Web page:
I was walking home from the market, down one of Dathyl’s busy streets, when someone tapped me on the shoulder from behind.
“Jerilyn, is that you?” asked an unfamiliar voice.
I turned around and discovered a blue robed stranger, an old man with wizened eyes set into a thin and narrow face, from which grew a gnarled beard that reached nearly to his waist.
“By the Spires, it is you!” He wrapped me in arms surprisingly strong for one of his years. “How have you been, old friend?”
Remembering my past was difficult, but I think Jerilyn might have been my name, back when I had one. There was an air of familiarity about the greybeard and a name climbed out of the hazy recesses of my mind, overcoming a small stab of pain. “Tarik?” I asked tentatively.
The blue-robed man laughed, “No one’s called me that for a very long time. The Duke of Arvon knows me as Gerard; he thinks I’m a simple Spellbinder from Weyland’s school on the Vale of Ferengali.”
I tried to remember where I’d met him, but that only made my pain sharper. “I know you, don’t I?”
Tarik stared at me in disbelief. “You really don’t remember?”
I shook my head.
“It has been a long time,” he said. “If not for the Herald’s curse, you’d have long since turned to dust.”
I’d been on my own for so many years, wandering from village to village, spending nights in cobblestone alleys, that my past was a complete mystery. “If you know who I am, tell me. I have forgotten.”
A look of sympathy, almost, but not quite pity, rippled across Tarik’s face. “You’re Jerilyn Haligar, born in Sangrithar, the City of the Golden Star. You were professor of history at the University of Colcester.”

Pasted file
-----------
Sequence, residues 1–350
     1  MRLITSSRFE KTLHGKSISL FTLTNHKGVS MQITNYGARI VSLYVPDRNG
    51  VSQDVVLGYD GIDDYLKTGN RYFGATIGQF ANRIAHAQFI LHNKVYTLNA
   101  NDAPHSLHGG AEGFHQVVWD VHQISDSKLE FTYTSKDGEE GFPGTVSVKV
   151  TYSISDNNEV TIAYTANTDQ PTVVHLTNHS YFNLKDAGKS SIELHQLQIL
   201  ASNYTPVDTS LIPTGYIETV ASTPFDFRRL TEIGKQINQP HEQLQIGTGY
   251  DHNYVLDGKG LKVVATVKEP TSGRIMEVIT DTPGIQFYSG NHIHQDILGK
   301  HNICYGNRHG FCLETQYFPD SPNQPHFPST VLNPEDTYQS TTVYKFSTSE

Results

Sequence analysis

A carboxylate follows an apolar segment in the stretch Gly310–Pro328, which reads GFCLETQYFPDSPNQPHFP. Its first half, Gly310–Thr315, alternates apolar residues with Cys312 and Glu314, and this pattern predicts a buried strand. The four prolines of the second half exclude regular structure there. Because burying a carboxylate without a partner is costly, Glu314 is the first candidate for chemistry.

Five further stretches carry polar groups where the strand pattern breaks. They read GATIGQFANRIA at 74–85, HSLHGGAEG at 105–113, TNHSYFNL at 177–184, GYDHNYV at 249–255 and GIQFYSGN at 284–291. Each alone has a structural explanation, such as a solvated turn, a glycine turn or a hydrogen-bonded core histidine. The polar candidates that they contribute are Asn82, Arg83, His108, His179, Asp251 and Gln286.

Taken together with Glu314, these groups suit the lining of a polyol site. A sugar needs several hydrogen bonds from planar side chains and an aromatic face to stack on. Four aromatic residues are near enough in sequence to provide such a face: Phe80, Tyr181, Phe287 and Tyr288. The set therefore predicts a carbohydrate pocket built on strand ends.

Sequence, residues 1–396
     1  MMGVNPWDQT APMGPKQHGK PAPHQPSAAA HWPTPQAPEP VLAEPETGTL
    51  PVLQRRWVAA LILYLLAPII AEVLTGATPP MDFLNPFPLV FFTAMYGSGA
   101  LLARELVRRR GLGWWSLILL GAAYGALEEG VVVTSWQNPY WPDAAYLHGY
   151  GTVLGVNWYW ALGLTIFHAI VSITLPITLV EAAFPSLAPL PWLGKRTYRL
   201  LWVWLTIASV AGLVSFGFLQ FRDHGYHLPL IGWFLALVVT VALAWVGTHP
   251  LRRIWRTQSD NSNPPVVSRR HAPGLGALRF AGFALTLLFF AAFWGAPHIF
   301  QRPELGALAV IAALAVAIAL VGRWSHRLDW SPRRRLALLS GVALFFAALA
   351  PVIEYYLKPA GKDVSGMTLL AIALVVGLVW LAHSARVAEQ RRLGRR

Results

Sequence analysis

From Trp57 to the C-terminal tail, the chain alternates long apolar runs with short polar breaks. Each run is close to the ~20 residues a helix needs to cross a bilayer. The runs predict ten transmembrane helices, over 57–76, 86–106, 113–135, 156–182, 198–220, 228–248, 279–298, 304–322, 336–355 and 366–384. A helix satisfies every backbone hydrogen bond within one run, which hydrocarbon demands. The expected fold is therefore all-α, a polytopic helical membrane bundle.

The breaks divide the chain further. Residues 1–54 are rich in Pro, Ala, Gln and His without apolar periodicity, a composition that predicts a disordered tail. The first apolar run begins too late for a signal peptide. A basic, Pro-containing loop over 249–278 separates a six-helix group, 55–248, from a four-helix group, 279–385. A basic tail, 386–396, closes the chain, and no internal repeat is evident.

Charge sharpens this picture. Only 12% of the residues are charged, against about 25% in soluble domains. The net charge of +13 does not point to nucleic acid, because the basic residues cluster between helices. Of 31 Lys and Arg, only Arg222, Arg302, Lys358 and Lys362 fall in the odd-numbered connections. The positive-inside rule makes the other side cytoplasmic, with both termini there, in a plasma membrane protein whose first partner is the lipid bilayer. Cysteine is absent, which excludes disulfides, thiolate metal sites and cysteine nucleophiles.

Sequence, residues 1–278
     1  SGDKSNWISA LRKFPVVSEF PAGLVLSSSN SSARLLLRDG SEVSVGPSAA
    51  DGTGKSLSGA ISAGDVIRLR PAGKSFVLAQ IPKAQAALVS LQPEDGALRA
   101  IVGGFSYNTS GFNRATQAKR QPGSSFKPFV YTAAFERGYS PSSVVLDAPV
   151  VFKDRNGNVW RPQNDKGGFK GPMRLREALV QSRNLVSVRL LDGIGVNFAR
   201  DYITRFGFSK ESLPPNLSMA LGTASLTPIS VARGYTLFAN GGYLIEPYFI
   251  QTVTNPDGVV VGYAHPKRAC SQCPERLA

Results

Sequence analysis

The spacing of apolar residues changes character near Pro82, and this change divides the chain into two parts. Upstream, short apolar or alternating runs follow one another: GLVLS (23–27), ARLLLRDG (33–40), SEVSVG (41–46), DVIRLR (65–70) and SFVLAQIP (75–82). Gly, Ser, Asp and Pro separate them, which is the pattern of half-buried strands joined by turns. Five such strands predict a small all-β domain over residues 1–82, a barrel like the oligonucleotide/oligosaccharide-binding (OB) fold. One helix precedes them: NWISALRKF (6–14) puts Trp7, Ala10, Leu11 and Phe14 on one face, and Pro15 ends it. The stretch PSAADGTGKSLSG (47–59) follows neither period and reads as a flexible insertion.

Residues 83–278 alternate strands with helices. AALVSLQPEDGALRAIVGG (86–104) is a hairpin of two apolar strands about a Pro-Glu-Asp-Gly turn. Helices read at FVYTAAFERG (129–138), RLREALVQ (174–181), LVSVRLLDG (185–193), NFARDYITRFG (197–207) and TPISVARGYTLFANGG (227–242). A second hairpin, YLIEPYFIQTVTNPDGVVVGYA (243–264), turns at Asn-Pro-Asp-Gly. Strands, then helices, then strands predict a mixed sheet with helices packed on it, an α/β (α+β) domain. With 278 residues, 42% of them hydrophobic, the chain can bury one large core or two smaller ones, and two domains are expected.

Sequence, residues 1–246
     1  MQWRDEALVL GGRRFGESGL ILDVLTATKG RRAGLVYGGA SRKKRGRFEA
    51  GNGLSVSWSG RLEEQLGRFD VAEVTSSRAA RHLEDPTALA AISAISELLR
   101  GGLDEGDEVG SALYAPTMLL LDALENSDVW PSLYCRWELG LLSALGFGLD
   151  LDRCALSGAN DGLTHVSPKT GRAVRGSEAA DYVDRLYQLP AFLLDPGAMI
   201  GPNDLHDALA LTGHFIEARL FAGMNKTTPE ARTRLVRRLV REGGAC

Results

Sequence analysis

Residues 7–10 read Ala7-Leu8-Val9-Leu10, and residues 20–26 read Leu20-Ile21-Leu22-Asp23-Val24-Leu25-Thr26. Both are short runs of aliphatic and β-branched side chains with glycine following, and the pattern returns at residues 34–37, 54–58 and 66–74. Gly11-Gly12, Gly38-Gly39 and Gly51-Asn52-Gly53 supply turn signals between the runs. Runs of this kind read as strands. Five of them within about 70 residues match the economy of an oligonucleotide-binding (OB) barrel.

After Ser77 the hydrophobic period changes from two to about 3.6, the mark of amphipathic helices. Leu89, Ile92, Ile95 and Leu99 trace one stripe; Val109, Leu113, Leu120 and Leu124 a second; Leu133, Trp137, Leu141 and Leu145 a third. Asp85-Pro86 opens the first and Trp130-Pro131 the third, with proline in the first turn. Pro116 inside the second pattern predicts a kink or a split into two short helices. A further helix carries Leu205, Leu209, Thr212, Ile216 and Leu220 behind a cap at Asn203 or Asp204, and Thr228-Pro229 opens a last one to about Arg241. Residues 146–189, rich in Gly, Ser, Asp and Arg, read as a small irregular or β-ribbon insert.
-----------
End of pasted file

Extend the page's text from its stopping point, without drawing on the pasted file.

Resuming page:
Those names meant nothing to me. “Sangrithar?”
“An ancient empire that perished in the Long Night, more than three thousand years ago.”
I started shaking. Tarik couldn’t be telling the truth. “That’s impossible. I can’t have lived that long.”
He winked at me, “Don’t be so sure. Do you know how old you are?”
“I don’t,” I admitted. “I know little of my origins.” In truth, my memories only went back ten years. If I tried to remember farther back, my head exploded in pain.
“I’m sorry, Jerilyn. If I’d known you were still alive, I’d have looked for you long ago, but I didn’t understand what the Herald had done to you.”
“That’s the second time you’ve mentioned the Herald. Who is he?”
Tarik reached into his robes and produced a leather-bound volume, cracked and weather beaten. “I found this in Dathyl’s library, lying forgotten on a shelf, covered in dust. Take it.”
Something about the tome stirred feelings long dormant. “What is it?”
“It’s called ‘The Tale of Ages’.”
The title struck a chord in my soul.
“Take it,” Tarik repeated while handing me the book. “You wrote it.”
“I did?” Somehow, I don’t know how, I knew he spoke the truth.
“Yes, you did. ‘The Tale of Ages’ is the history of Sangrar. You wrote it just after the Long Night, centuries before the sons of Irontree founded the Kingdom of Tirel. Read it, Jerilyn. Read it and remember. Then, we’ll talk.”
I opened the dusty tome and Tarik muttered under his breath. Something snapped inside me, like a knot unraveling, and images of a world with three Suns rushed unbidden to my thoughts.
I started reading. “There has always been the Void….”